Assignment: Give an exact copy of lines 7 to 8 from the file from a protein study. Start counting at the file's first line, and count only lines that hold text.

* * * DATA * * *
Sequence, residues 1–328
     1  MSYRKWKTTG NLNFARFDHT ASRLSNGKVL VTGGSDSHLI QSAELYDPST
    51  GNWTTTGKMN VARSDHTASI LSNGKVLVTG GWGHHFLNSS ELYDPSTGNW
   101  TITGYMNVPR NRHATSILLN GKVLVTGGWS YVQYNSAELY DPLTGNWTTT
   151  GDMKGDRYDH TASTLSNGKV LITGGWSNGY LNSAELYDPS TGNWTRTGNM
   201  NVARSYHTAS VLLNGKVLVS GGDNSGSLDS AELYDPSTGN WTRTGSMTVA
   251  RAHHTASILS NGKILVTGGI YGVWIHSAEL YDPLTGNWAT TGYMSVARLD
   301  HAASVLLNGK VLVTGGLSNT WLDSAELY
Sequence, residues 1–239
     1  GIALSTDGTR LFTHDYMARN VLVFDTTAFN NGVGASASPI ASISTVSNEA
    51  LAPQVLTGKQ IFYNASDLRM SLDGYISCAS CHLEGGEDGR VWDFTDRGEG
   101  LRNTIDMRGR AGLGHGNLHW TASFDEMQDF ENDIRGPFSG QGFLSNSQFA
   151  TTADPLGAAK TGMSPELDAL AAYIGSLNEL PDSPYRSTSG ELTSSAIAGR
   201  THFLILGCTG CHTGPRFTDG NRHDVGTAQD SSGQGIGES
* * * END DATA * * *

   251  RAHHTASILS NGKILVTGGI YGVWIHSAEL YDPLTGNWAT TGYMSVARLD
   301  HAASVLLNGK VLVTGGLSNT WLDSAELY